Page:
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Spring MVC and Java-Based Configuration

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Spring MVC and Java-Based Configuration

Skip web.xml and dive into Java-based configuration. Some Java and a POM are all you need to get your projects configured the way you want them.

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In this aicle, we will see how to configure a Spring MVC application without using a web.xml. We will use Java-based configuration.

For this example, we will use a simple Maven web project.

Step 1: Create a Pom.xml for the Required Libraries

<project xmlns="http://maven.apache.org/POM/4.0.0" xmlns:xsi="http://www.w3.org/2001/XMLSchema-instance"
 xsi:schemaLocation="http://maven.apache.org/POM/4.0.0 http://maven.apache.org/maven-v4_0_0.xsd">
    <modelVersion>4.0.0</modelVersion>
    <groupId>com.example</groupId>
    <artifactId>SpringWebExample</artifactId>
    <packaging>war</packaging>
    <version>0.0.1-SNAPSHOT</version>
    <name>SpringWebExample Maven Webapp</name>
    <url>http://maven.apache.org</url>
    <properties>
        <java-version>1.7</java-version>
    </properties>
    <dependencies>
        <dependency>
            <groupId>org.springframework</groupId>
            <artifactId>spring-webmvc</artifactId>
            <version>4.3.0.RELEASE</version>
        </dependency>
        <dependency>
            <groupId>javax.servlet</groupId>
            <artifactId>javax.servlet-api</artifactId>
            <version>3.0.1</version>
            <scope>provided</scope>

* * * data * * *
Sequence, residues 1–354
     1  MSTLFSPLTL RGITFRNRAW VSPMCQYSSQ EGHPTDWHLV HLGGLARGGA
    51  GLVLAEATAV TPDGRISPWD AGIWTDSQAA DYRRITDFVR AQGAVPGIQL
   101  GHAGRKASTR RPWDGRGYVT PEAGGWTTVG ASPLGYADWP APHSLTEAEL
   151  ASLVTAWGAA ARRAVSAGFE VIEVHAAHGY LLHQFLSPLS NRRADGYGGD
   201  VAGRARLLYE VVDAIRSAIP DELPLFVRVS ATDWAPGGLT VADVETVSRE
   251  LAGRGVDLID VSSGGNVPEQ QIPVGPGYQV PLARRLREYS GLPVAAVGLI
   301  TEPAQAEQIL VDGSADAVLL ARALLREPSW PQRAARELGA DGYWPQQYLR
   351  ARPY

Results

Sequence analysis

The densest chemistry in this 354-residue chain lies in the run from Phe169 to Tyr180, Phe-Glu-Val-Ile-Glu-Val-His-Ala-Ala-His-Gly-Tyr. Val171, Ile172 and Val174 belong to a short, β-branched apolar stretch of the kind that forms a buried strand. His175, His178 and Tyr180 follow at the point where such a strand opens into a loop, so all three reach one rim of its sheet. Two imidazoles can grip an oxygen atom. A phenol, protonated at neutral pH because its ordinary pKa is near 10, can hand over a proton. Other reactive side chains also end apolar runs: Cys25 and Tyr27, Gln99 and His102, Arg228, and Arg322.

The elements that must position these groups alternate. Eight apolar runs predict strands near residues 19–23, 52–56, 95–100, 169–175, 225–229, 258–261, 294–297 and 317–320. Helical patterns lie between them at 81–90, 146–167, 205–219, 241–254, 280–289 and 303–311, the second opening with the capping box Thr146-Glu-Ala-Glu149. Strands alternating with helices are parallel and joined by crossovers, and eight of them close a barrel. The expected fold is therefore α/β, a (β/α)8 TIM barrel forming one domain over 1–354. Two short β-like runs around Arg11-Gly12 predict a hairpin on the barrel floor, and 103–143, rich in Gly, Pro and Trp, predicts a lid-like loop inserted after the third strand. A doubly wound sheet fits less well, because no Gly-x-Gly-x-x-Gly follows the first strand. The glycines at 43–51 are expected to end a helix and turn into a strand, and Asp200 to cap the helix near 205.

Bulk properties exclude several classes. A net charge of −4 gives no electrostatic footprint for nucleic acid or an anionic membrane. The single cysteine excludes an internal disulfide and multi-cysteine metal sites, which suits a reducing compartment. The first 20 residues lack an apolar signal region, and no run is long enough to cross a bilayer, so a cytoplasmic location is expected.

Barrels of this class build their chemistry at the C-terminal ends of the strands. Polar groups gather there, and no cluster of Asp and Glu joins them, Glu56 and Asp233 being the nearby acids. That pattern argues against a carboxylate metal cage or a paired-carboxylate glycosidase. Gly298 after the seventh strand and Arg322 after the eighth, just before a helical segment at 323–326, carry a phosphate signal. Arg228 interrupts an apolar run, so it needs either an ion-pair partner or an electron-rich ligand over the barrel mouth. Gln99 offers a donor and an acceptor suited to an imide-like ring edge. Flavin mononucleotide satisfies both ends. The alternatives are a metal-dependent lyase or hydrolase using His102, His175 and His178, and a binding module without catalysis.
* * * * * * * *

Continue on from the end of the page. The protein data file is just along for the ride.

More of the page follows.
</dependency>
        <dependency>
            <groupId>javax.servlet</groupId>
            <artifactId>jstl</artifactId>
            <version>1.2</version>
        </dependency>
        <dependency>
            <groupId>junit</groupId>
            <artifactId>junit</artifactId>
            <version>3.8.1</version>
            <scope>test</scope>
        </dependency>
    </dependencies>
    <build>
        <finalName>HelloWorld</finalName>
        <pluginManagement>
            <plugins>
                <plugin>
                    <groupId>org.apache.maven.plugins</groupId>
                    <artifactId>maven-compiler-plugin</artifactId>
                    <version>2.3.2</version>
                    <configuration>
                        <source>${java-version}</source>
                        <target>${java-version}</target>
                    </configuration>
                </plugin>
                <plugin>
                    <groupId>org.apache.maven.plugins</groupId>
                    <artifactId>maven-war-plugin</artifactId>
                    <version>2.4</version>
                    <configuration>
                        <warSourceDirectory>src/main/webapp</warSourceDirectory>
                        <warName>SpringWebExample</warName>
                        <failOnMissingWebXml>false</failOnMissingWebXml>